Trying to figure out scope for lowering this cost you see that in order to minimise risk of mis-diagnosis calls were handled with a protocol-led workflow. The nurse you were connected to at the call centre had a narrow script on a computer screen in front of them – he or she clicked options depending on your answers and this delivered the next part of the script. This would culminate in a recommendation e.g. forget about it, or take a few aspirin and see your GP if it isn’t better in 48 hours, or make an appointment with your GP now, or go to A&E immediately or whatever. They had only a little leeway to deviate from the script and make use of their professional knowledge.
One of the genuine achievements of Labour’s time in power was that Nurses now receive something comparable to a professional wage. It doesn’t take the sharpest commercial mind to spot that if you are doing a role controlled by computer script and that in practice this role requires the same skill to deliver that it would to sell insurance or deliver any other call center script, then it does seem rather an extravagance to have professional equivalent people’s talent wasted performing the role – particularly if they may be better deployed on front-line wards.
Labour realised this and set up a trial for the 111 scheme. The pilot has been a success. It was in Labour’s manifesto (page 35) that they themselves would go with 111 if elected. The Coalition are doing the right thing in picking up and running with it. Rather than celebrating their success Labour are now disowning their own brain-child. That, I guess, is everything that is wrong with politics.
The vision of NHS Direct was that via the telephone or internet you could have access to a 24 hour service that would triage your condition and stop you from making a needless doctors visit if unnecessary but quickly get you to the right medical help if necessary.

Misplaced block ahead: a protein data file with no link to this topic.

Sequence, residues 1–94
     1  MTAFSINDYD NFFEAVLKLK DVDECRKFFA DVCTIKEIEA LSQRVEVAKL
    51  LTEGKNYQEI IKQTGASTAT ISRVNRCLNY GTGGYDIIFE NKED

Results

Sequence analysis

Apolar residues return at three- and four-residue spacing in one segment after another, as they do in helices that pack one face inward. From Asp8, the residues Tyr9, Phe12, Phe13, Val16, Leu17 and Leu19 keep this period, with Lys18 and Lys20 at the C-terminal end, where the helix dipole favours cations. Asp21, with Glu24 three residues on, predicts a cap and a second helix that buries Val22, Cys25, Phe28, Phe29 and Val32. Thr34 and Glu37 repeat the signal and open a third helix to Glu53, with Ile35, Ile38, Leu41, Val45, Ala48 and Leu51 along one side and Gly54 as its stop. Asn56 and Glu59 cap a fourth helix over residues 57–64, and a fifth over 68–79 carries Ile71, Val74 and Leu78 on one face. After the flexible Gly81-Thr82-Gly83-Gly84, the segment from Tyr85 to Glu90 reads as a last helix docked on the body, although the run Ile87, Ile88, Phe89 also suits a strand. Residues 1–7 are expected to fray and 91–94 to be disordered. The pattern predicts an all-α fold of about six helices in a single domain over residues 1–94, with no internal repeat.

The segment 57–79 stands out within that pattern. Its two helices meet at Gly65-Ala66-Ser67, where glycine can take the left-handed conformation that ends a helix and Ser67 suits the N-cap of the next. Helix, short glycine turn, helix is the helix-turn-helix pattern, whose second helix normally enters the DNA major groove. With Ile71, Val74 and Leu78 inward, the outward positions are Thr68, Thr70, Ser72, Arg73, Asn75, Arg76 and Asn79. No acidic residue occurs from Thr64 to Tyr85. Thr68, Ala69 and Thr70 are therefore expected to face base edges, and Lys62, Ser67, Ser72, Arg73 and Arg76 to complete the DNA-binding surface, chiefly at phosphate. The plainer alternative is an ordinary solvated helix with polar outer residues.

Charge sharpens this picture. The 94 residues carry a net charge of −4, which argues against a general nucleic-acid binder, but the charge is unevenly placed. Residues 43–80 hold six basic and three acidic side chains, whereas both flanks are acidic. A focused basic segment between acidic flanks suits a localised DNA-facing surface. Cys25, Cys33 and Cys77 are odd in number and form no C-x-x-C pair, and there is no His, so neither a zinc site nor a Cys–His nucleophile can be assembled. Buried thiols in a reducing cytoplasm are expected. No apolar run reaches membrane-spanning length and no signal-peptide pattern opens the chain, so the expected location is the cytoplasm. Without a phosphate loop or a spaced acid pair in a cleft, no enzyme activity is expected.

The 111 service does exactly that and more: it also allows you to book your appointment on the same call rather than having to make a separate call to your local practice afterwards (and then consume the time of another medical receptionist in addition to your own). It is also free (NHS Direct was charged as a national rate call). In short it does more for less. In these tough times that is something to applaud.
I suppose the Government has invited these attacks by using the language of ‘cuts’ in the way it has positioned these changes. Cuts to me (as the end user) suggests a service will no longer be available. Having investigated what it means it seems the service I expected from NHS Direct will still be available and better – it will just be delivered by different people, under a new badge, at less cost to the tax payer. I concede that it is genuinely a ‘cut’ from the perspective of current NHS Direct employees and I do wish them well. But for the end-user? At worst it’s no different, at best an improvement.
As to the charge that the Tories are therefore evil liars: the promise was that the NHS Budget was ring-fenced and will actually increase year on year through the life of the Parliament. So far the Government is on track to deliver that. And if it can supplement this by doing ‘more for less’ in other areas of NHS delivery then again – it should be applauded.